How chicken wire can keep gophers out of gardens and flowerbeds

Next up, gardens and flowerbeds. Chicken wire can keep gophers out of gardens and flowerbed technically; in the same manner, it deters them from chicken runs.

Except with flowerbeds and individual flowers, you have a super simple and premium option OTHER than having to dig up wire and use a wire cutter.

These Digger’s Mini Root Guards are a wonderful option for keeping gophers out.

Essentially, they are a vinyl-coated, galvanized wire basket that you place in the ground when you’re planting your flowers or rooted plants.

They’re made with a 1/2 inch hex mesh, which will repel gophers just fine.

The reason we recommend using 1/4 inch mesh is that it will make sure that baby moles and voles will stay out of the area you’re trying to protect as well, but the 1/2 inch basket should do just fine as well.

Never-less, if you prefer to use the chicken wire method, then you’ll want to make sure of a few things.

As stated earlier, gophers will generally dig around 1 ft deep but can burrow in the ground up to 6 feet deep (this is typically where they live.

In order to keep them out, you’ll want to bury some vinyl coated 2 feet deep, with at least 6-12 inches of the wire pointed outwards at a 90° angle towards the gophers. This should keep gophers out of your flower bed and garden.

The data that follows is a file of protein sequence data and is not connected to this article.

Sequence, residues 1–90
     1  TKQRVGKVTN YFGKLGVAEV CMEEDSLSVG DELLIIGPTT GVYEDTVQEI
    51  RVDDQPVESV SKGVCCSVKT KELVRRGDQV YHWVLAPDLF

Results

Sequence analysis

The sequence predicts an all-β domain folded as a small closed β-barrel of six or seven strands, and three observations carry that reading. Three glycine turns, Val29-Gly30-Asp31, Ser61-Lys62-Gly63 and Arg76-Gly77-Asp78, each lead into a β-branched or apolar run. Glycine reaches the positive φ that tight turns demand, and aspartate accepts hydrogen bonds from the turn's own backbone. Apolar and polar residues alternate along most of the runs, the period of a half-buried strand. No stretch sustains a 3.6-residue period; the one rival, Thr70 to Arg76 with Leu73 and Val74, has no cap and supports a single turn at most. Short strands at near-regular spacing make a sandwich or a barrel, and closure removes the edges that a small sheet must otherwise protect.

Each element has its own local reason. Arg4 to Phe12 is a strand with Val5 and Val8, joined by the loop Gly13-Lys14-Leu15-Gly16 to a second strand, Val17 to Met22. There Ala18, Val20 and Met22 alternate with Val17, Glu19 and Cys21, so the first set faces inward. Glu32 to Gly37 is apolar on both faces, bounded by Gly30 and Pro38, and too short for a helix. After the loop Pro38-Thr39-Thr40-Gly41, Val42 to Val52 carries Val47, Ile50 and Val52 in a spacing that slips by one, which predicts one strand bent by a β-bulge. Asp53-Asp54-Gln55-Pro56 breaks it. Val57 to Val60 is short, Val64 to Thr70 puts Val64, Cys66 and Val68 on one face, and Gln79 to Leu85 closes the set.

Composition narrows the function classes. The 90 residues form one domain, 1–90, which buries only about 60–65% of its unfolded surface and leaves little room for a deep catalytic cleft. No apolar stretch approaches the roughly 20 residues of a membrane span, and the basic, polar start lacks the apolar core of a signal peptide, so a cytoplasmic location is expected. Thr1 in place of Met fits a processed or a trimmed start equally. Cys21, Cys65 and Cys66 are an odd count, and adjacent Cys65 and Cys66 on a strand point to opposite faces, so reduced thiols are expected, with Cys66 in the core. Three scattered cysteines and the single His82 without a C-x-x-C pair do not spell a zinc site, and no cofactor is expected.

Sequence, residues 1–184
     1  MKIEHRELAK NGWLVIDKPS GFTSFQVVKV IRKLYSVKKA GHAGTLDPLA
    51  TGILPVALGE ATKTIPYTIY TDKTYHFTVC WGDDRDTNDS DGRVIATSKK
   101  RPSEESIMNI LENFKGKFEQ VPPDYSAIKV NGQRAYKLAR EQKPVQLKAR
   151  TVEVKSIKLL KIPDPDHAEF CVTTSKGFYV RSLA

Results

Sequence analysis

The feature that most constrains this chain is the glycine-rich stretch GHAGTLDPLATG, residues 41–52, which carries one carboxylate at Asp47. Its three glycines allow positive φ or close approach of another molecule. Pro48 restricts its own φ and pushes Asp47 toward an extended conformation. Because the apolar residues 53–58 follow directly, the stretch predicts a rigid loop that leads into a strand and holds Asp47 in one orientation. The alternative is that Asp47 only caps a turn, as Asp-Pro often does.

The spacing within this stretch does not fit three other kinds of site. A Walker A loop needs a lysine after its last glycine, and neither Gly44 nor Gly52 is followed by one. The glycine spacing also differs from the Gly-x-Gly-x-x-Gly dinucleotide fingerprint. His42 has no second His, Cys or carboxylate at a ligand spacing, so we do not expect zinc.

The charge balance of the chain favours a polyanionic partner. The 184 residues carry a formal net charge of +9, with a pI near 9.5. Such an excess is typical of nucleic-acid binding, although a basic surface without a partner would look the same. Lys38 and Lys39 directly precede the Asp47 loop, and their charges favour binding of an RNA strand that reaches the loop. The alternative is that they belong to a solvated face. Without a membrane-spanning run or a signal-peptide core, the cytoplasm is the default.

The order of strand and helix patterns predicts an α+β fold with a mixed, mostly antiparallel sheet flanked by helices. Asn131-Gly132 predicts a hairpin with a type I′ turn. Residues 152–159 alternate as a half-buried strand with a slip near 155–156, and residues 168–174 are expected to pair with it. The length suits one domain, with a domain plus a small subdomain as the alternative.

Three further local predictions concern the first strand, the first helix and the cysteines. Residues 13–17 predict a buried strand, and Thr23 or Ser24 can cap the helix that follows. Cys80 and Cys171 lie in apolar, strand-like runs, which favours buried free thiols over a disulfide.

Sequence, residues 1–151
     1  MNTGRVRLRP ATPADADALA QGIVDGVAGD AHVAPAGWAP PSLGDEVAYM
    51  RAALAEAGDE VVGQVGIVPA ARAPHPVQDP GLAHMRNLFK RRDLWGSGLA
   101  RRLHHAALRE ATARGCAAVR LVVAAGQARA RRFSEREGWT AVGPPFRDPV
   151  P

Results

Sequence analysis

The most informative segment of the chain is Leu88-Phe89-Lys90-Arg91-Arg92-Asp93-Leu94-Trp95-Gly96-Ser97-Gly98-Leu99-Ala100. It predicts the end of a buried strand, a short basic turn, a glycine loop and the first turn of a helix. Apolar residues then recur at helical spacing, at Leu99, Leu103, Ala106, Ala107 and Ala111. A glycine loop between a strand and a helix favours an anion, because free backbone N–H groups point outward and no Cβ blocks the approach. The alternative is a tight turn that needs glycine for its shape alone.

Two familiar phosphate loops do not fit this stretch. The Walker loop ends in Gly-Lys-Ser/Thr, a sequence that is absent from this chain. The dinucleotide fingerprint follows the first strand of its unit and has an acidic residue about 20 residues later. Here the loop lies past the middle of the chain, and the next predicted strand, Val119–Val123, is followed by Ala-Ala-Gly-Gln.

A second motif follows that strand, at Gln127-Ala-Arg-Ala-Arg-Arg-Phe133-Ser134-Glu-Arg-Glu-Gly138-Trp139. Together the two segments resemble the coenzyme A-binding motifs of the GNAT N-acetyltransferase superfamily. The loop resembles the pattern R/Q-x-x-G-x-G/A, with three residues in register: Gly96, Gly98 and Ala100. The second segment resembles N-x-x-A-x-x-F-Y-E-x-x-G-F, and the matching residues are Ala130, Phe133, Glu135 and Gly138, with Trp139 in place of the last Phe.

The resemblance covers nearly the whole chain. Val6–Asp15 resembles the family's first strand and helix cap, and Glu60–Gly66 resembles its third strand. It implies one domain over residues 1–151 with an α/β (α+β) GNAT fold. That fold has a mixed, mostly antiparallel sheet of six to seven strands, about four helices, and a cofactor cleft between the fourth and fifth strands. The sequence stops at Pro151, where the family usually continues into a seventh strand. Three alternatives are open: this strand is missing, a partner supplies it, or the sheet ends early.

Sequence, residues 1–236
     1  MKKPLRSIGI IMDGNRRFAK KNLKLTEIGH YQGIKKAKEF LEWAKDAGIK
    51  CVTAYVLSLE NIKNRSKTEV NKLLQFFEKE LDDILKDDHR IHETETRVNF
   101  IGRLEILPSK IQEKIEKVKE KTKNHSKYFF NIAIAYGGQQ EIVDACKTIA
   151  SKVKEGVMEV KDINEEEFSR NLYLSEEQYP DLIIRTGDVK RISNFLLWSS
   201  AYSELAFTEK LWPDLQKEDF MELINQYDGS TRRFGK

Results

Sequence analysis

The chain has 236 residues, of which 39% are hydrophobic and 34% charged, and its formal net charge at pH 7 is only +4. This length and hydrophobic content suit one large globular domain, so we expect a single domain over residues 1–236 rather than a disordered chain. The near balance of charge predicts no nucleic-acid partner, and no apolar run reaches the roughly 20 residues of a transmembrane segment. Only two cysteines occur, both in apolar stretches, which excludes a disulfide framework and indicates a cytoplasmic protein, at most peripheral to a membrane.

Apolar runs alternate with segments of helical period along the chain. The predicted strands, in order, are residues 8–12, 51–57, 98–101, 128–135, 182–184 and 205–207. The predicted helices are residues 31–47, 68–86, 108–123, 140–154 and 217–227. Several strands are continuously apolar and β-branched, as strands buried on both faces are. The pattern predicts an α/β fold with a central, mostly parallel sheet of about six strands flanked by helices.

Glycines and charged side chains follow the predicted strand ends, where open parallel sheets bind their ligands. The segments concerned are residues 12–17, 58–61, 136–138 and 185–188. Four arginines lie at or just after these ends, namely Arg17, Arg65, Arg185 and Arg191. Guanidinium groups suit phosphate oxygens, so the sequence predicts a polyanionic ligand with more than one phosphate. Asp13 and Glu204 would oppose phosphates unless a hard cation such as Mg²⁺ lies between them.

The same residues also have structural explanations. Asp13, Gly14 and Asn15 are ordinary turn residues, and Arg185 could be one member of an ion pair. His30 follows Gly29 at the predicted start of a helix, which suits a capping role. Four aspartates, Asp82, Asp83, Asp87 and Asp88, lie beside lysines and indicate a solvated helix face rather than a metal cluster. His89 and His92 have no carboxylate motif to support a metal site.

Remember that you need to bury the wire and surround your entire flower bed/garden, not just on one side.

Need some gopher help? Call our nationwide network of wildlife control specialists, where we’ll connect you to a pest control pro in your area for free.

What kind of chicken wire should I use to repel gophers?

We mentioned a few products earlier, but you really should be using vinyl-coated, the galvanized wire that preferably has 1/4th inch gaps, with 1/2 inch gaps being the most.

You should use vinyl-coated wire to keep gophers out because of the longer durability of the wire itself. A vinyl-coated wire is far superior to the bare galvanized wire as it will take much longer to rust since it has a coat of vinyl over the top.

With vinyl-coated wire, the key to making it last is not to damage the vinyl protectant, exposing the underlying wire.

Once the underlying wire is exposed, then rust can set in not just at the exposed area but underneath it (for example, if water drips into the crack and down into the rest of the fence.)

If you were to bury bare galvanized chicken wire in the ground to keep gophers at bay, it would work.

However, the problem starts to arise after 1-2 years, when the wire may begin to deteriorate from being in damp and dreary conditions buried underground.

If you use bare galvanized chicken wire to keep gophers out, then you may begin to see rust on the wire in as little as 1-2 years, maybe even sooner, depending on the conditions.